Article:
A college town the week after commencement is about as lonely as the “banquet hall whose lights are fled and garlands dead,” and Evanston winds seemed to have a lingering wail while the summer stillness bred nostalgia in that June of eighteen ninety-five.
When it had been decided that Maynard would remain in Chicago, Mother and I had given up our miniature suite and settled in a mammoth unattractive room on Orrington Avenue. Miss Jones, the owner of the barn-like structure, was a funny old maid, poor and peculiar. The house was a three-storied, frame affair with lots of windows, heavy folding beds and inadequate heating facilities. The stairway, however, was wide and open and my piano was waltzed up with ease and placed in a bay window on the second floor. The chief attraction of Miss Jones’ hostelry was that it had an equally barren but plastered basement with cooking possibilities, and this she let out to roomers under the guise of “light housekeeping privileges.”
The room we chose was well-lighted and fitted with a summer-cottage type of clumsy wooden table and benches. Fortunately it was clean and cool in summer, and with a nebulous future staring us in the faces, Mama and I had gratefully paid our initiation fee and moved in.
The School of Music in its brief years had established a nice clientele of townspeople who came to recitals and acquainted themselves with the faculty and students. I had come to know many of them through my playing and one whose sister I knew hunted me up to inquire if I would give her piano lessons.
“O, I don’t know enough to teach,” I had replied with naiveté. When I reported this to the Dean, he said, “You go back to her and tell her that you will be glad to teach her.”
“But I don’t know how to teach,
“Very well, then I shall show you how,” he said.
She was my first pupil but there were other purchasers of my wares, not many but enough to break me in and I taught and studied through the summer.
Mr. Lutkin was eager to relinquish the teaching of small children and he intimated to me that he would like to turn them over to me in the fall. Because they were children of wealthy and prominent families, he had to use finesse in making the break and his suggestion was that I give seven lessons a month and he give the eighth, a reassurance to parents and to me.
The organ was my nemesis. It tired me frightfully. The church was south and we were north so that I was weary whenever I arrived to practice. Choir practice was held in Chicago and registering on the organ was done with but a few minutes’ practice, giving me a feeling of haste and insecurity. I hung on merely because the Dean wished me to.
In late July a letter announcing that Lilly was ill arrived and we packed Mother off on the train, forgetting everything else because it was impossible to interpret Ben’s message as merely one of anxiety.
We set about our activities as usual, but sitting on our shoulders was the shadow of fear as we waited for Mother. The word when it finally came was far from reassuring. Lilly had peritonitis and we were told to be ready to leave at any moment. For me, having short notice meant that I should have to prepare for a substitute for Sunday services and I hesitated to notify the Music Committee even as I made tentative plans to leave. The message arrived Saturday morning and there was no mistaking its seriousness. It said, “Come at once. Lilly worse.”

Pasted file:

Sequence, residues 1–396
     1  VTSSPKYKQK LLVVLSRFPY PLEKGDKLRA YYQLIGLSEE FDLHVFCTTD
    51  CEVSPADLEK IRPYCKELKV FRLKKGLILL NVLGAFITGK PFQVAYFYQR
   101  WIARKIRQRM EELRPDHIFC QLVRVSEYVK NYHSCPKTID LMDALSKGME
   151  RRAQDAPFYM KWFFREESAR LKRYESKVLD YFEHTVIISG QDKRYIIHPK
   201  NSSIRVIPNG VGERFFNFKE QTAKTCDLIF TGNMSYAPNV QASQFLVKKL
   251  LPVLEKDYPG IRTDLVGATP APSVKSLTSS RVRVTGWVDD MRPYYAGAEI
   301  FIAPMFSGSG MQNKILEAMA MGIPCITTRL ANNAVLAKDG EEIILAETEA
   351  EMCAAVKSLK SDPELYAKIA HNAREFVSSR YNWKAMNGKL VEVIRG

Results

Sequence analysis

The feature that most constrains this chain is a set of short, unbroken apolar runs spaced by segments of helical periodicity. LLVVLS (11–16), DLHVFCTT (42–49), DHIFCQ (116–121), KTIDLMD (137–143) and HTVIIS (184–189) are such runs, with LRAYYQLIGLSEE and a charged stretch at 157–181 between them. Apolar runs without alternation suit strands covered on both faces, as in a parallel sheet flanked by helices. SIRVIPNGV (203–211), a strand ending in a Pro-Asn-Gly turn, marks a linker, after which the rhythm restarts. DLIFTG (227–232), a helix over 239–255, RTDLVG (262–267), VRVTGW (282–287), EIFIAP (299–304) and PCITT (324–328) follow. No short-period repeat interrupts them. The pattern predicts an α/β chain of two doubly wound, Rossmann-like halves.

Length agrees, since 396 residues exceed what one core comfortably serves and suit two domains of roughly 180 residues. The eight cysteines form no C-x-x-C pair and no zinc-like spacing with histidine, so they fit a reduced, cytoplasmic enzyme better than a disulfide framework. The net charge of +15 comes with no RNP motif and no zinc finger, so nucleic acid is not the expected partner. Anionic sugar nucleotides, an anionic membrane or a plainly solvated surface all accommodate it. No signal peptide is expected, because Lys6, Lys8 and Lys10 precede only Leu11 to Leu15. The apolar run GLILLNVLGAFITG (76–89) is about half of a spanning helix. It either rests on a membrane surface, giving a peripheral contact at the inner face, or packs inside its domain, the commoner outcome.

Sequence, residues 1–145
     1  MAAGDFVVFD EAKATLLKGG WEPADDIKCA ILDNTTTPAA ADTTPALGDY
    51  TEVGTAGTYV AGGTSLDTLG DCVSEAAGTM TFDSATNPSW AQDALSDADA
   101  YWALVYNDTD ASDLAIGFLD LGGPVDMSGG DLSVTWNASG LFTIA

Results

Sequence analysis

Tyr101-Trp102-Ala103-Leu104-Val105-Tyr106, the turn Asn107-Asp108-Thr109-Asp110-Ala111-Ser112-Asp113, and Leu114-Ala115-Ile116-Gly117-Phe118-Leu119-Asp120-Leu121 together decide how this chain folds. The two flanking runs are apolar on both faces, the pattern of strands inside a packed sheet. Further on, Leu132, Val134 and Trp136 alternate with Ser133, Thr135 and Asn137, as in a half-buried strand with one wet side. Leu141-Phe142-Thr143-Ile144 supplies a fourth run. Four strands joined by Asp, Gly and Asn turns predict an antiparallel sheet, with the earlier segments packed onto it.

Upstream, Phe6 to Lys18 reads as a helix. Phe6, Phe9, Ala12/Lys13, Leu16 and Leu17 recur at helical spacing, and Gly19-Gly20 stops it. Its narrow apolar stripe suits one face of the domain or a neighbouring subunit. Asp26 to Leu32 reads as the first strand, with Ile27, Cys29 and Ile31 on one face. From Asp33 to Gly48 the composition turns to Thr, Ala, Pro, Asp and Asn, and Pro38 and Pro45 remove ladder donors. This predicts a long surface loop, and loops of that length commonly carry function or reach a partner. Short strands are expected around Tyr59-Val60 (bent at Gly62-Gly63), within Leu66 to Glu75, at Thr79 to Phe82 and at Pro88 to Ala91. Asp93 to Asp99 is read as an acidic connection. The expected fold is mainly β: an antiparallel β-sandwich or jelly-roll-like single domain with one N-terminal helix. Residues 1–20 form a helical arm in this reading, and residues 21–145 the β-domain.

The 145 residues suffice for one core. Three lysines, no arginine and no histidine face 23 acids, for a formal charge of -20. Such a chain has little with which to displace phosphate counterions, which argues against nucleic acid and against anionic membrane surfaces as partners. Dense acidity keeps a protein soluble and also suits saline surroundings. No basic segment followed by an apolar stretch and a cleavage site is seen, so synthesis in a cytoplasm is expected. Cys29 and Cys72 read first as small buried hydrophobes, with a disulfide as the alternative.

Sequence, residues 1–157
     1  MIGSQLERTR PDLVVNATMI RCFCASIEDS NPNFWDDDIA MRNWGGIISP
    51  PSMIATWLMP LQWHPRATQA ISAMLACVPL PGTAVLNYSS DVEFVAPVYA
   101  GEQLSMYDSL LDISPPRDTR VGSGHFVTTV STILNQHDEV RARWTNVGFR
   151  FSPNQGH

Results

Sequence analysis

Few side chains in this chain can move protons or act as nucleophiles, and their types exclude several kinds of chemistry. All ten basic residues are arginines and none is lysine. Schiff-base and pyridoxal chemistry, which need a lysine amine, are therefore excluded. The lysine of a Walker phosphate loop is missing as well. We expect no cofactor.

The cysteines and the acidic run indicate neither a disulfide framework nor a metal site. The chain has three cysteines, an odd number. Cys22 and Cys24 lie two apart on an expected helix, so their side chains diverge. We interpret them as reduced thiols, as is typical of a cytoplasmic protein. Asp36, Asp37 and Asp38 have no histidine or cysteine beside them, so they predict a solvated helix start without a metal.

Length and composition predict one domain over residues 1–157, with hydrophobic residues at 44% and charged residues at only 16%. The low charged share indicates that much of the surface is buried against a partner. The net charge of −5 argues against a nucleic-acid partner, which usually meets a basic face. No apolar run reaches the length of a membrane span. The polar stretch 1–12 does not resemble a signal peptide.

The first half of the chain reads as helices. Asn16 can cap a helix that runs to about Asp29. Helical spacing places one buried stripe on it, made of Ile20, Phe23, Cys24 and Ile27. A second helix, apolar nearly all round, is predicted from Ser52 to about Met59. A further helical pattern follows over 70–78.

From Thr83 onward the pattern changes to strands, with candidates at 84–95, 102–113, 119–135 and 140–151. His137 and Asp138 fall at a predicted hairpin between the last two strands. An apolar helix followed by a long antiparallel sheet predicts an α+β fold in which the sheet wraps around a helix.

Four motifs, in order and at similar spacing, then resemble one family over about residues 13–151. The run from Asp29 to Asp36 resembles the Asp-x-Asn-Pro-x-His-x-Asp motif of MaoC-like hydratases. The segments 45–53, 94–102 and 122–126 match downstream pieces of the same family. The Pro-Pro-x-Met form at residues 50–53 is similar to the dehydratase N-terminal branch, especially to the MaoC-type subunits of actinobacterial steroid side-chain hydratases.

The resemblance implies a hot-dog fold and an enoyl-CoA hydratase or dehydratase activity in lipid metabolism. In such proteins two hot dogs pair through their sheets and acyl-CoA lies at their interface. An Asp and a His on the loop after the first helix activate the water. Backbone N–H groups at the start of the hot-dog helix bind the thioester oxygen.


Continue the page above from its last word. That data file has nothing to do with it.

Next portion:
We were panicky for a while but we pulled ourselves together. Mayne secured the transportation and at night we boarded the train for St. Louis. The weather was sticky but physical discomfort seemed too trivial to notice. We feared we were facing a life shorn of a dearly beloved one and the spiritual bankruptcy which was bound to follow.
The journey ended at twilight. Ben was at the train and the inevitable “She is gone” seemed like a fantastic and impossible thing. Death had touched us closely for the first time.
I shall never forget that terrible summer drenched in grief – the unnatural white face and folded hands that had so equably kept forever moving in active tasks; the crying children incessantly saying “Where little Momma has gone?” The funeral services conducted by a strange minister; the sounds of earth falling on the lowered casket; Mary and Mama in black with veils over their faces, and I looking in apathy at my swollen face and the folds of black enveloping me.
The postman’s whistle, hitherto a harbinger of joy, became a thing of dread for there were endless letters and tears enough to bring desperation.
At the last Lilly had said, “Start the little boys right for me, Mommy” and closed her eyes. From that moment her words meant one thing to mother. Talks and conferences followed daily, ending with a decision to break up the home and move everything to Chicago. The children were confided to Mother’s care in the hope that ultimately we might all be reunited somewhere in a new life.
On a warm September day, when leaves were blowing and trees looked sere and brown, in a big house on Ridge Avenue in Evanston, we unpacked the varied belongings of two households and set about making two bereft children forget that they had suffered an irreparable loss.